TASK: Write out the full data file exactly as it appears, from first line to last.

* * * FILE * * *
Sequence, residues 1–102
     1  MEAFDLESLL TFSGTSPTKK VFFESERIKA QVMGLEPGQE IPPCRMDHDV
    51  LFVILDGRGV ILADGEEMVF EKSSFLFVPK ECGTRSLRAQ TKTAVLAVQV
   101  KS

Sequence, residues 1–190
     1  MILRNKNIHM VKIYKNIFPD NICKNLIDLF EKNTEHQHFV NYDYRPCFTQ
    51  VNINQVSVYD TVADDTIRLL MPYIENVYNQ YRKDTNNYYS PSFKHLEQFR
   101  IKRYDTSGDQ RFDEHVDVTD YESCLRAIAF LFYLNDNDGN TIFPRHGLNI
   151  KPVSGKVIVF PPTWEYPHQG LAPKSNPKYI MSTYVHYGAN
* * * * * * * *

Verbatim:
Sequence, residues 1–102
     1  MEAFDLESLL TFSGTSPTKK VFFESERIKA QVMGLEPGQE IPPCRMDHDV
    51  LFVILDGRGV ILADGEEMVF EKSSFLFVPK ECGTRSLRAQ TKTAVLAVQV
   101  KS

Sequence, residues 1–190
     1  MILRNKNIHM VKIYKNIFPD NICKNLIDLF EKNTEHQHFV NYDYRPCFTQ
    51  VNINQVSVYD TVADDTIRLL MPYIENVYNQ YRKDTNNYYS PSFKHLEQFR
   101  IKRYDTSGDQ RFDEHVDVTD YESCLRAIAF LFYLNDNDGN TIFPRHGLNI
   151  KPVSGKVIVF PPTWEYPHQG LAPKSNPKYI MSTYVHYGAN